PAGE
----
For a brief time, from April of 1882 until September of 1884, Fanny Dunbar Corbusier and her family lived at Fort Mackinac. She and her family thoroughly enjoyed their time on the island, which was already a tourist destination. While living on Mackinac Island, Fanny and her family took advantage of the island’s natural beauty and social scene to engage in activities familiar to modern visitors.

  Fanny was born in 1838 in Baltimore, but also lived in Louisiana and Maryland as a child. She was an active part of her church, wherever she lived. Public service was important to her and she served as a nurse during the Civil War. At the age of 30 she met and married William Henry Corbusier, a military contract surgeon. He was one of many northern soldiers occupying Mobile, Alabama with the army after the war. Together, they enjoyed a 49 year-long marriage and raised five sons. The marriage plunged Fanny into the transient life of civilians attached to the army, moving from station to station as William was transferred to different posts.

  At various times, Fanny and the family lived in Arizona, Nevada, New Mexico, the Philippines, the Dakota Territory, Wyoming Territory, Kansas, Colorado, Virginia, Indiana, California, New York, Nebraska, Alabama and of course Michigan. Their extensive travels were facilitated by regular long-distance train trips. The growing national railroad network allowed the army to move troops (and associated civilians like Fanny) quickly and easily around the country.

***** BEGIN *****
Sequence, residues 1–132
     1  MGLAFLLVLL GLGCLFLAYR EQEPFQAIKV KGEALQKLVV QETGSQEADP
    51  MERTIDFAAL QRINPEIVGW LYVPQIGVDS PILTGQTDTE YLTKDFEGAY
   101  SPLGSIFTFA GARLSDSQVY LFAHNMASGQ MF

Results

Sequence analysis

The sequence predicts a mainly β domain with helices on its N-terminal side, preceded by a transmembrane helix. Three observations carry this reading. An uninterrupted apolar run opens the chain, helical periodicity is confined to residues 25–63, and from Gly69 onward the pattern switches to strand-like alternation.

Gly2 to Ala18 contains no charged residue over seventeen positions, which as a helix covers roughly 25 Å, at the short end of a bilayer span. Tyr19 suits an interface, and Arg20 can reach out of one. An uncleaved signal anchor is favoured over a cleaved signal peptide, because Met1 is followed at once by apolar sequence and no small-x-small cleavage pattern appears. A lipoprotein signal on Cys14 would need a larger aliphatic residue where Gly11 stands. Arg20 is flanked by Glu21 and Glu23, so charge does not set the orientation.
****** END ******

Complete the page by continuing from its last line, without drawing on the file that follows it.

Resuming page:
Within the small, close-knit army community, William’s position bestowed a level of social prestige upon Fanny. Officers and their families were generally quartered in larger, nicer homes, separate from the enlisted soldiers. Fanny had, and expected to have, servants to help her with cooking, laundry and other chores. She hired a nurse to assist with her first baby and at various times employed off-duty soldiers, Chinese workers, and Indigenous people to work in her household. Fanny hired a woman named Carrie Greatsinger to work as a nurse for the children before moving to Fort Mackinac.

The Hill Quarters at Fort Mackinac.

  Regardless of where she lived, Fanny took the education of her children seriously. As a child, she attended the Hannah More Academy in Maryland, where her mother was principal. While raising her own children, she made sure that they always had access to education. At Mackinac, her younger children attended classes in the Fort Mackinac reading room, where Sgt. Fred Grant and Pvt. Crawford Anderson served as teachers. In addition to school, while on Mackinac Island Fanny also “sent for all of the histories and romances of Mackinac that were ever published” and read with her family about Alexis St. Martin, Dr. William Beaumont, and John Tanner.

  Fanny and William shared a lifelong interest in nature and spent time observing “the superb moonlight night” during their winters on Mackinac. In the fall they ”saw the island in its best array. The woods were gorgeous in the vari-colored trees and shrubbery, and then the aurora borealis in all its splendor would sometimes be seen.” Fall on Mackinac Island is still one of the most beautiful sights in Northern Michigan.

  Fanny Dunbar Corbusier left Mackinac Island in 1884 after experiencing it in much the same way as countless others of the past and present. Her life only brought her back one more time in 1892. She visited with old friends and went for “lovely drives” to see what had changed. If you would like to learn more about the experiences of Fanny Corbusier and the other women who called Fort Mackinac home in the 18th and 19th centuries, check out our website for details on how to visit. Also consider joining Mackinac Associates, a friends group that makes it possible for us to interpret Fanny’s life as well as countless other facets of Mackinac’s rich history.